Abelson Shines a Light on Canadian Think Tanks
Why do ideas developed by think tanks gain more traction than those that come from universities?
That is one of the questions that Don Abelson, Professor in the Department of Political Science, considers in his new book, Northern Lights: Exploring Canada’s Think Tank Landscape.
Abelson’s research has always focused on think tanks, but as with most of the literature on the subject, he focused on think tanks in the context of the United States. He was interested in looking into what is happening in Canada. Northern Lights is the first book that systematically answers fundamental questions about Canadian think tanks, including how they are funded and how much influence they have.
While think tanks have been active in Canada since the turn of the 20th century, Abelson said that they are beginning to occupy a more visible part of the landscape. This is partly due to the focus some think tanks are placing on marketing their ideas, which he says coincides with a move away from developing ideas.
As non-profit tax-exempt organizations, think tanks are limited in terms of amount of budget spent on partisan activities. In recent years, there has been more scrutiny on how think tanks spend their money.
Abelson focused on measuring the visibility and influence of the think tanks, and considered the best way influence can be achieved.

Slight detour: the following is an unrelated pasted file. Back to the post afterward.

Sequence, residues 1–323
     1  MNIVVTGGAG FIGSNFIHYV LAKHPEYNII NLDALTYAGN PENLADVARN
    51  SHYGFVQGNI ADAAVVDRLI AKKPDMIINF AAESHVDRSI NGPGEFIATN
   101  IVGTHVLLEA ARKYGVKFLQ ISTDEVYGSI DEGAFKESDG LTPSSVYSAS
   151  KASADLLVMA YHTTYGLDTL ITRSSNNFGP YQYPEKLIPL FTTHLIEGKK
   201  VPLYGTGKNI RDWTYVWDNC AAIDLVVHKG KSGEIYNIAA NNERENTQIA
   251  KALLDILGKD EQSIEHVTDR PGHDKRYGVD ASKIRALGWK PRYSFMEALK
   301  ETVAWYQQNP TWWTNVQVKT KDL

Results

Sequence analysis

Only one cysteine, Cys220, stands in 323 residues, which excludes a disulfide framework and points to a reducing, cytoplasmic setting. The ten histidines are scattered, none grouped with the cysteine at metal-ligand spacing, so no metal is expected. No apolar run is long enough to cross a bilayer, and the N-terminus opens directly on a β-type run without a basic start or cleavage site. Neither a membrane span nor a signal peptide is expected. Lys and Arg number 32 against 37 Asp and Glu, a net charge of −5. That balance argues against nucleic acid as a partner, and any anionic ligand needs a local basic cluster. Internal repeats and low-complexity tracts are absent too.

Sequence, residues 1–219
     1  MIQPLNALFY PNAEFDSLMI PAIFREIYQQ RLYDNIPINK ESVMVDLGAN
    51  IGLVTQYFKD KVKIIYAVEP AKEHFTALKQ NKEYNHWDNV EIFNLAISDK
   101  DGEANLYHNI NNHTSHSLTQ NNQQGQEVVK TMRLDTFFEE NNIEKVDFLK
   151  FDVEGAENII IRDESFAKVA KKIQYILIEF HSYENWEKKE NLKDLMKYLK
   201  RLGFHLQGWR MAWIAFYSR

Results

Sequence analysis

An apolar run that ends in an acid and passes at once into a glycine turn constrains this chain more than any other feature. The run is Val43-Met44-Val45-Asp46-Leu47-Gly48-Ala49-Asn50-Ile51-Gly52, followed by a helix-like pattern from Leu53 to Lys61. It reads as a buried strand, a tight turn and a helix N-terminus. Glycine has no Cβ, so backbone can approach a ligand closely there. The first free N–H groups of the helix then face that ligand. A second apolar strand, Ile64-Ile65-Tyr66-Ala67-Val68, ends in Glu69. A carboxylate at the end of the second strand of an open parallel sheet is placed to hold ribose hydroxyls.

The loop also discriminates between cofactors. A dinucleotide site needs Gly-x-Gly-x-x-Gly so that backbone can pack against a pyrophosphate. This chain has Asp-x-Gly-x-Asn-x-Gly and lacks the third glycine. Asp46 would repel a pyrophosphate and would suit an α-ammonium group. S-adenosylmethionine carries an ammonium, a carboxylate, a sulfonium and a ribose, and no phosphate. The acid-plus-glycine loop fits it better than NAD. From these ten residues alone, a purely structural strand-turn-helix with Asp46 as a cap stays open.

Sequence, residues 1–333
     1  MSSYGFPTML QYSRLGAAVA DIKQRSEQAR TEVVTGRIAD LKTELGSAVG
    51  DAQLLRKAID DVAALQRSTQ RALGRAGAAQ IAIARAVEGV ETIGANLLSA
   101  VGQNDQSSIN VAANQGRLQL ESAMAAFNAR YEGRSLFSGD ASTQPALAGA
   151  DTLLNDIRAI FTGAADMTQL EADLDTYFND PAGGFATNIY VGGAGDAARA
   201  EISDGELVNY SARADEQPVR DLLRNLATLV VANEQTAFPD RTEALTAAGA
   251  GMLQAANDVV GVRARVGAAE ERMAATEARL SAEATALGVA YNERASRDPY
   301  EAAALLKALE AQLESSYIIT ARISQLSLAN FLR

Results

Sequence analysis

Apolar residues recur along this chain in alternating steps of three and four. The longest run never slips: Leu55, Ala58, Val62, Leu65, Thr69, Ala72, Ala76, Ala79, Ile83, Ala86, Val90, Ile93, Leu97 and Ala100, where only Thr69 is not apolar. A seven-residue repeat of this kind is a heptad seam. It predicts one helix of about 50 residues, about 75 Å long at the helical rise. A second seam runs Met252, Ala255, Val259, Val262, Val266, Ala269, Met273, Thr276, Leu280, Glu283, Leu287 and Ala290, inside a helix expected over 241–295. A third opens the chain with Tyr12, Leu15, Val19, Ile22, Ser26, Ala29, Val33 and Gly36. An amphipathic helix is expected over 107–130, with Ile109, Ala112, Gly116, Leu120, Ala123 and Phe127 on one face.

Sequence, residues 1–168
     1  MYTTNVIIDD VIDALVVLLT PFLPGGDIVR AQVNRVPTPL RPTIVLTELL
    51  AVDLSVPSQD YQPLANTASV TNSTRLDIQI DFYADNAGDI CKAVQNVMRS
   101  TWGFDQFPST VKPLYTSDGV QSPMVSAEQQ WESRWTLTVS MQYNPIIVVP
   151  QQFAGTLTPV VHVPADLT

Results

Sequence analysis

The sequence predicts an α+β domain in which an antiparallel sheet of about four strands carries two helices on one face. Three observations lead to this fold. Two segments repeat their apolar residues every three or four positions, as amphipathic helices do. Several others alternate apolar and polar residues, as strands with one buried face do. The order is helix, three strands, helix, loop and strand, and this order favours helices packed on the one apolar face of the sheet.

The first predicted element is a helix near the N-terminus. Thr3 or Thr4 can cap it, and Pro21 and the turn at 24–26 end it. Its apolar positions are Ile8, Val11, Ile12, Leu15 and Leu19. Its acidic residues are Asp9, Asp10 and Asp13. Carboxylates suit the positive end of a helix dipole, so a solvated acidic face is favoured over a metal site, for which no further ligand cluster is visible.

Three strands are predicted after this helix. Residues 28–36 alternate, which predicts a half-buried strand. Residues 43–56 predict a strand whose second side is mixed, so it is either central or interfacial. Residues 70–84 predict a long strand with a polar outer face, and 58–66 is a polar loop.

In Northern Lights, he shows that while some groups, such as the Fraser Institute, the Conference Board of Canada and the C.D. Howe Institute receive a great amount of media attention, they do not necessarily have the largest impact on policy development. Lesser known think tanks, such as the Caledon Institute, may have a fair amount of access and great policy impact.
“If they want to be advocacy groups, great; if they want to be research institutions, that’s great too, but don’t do one and pretend to be the other” said Abelson.
The focus on advocacy has contributed to the marginalization of Social Science research coming from universities, as the incentive structure is different for universities and think tanks, Abelson said.
Abelson intended the book to be a primer, and accessible for the public. “Ideas have consequences,” said Abelson.
“It’s important for the public to understand the kind of organizations developing ideas that government sometimes enact. We often think about interest groups but how often do we think about think tanks."
Abelson also co-edited a book focused on an international comparison of think thanks. Think Tanks, Foreign Policy and Geo-politics is an edited collection bringing together the best think tank focused researchers from around the world to write about the think tank experience in their own country. The collections include research about think tanks in Canada, China, the European Union, Spain, Germany and the United States.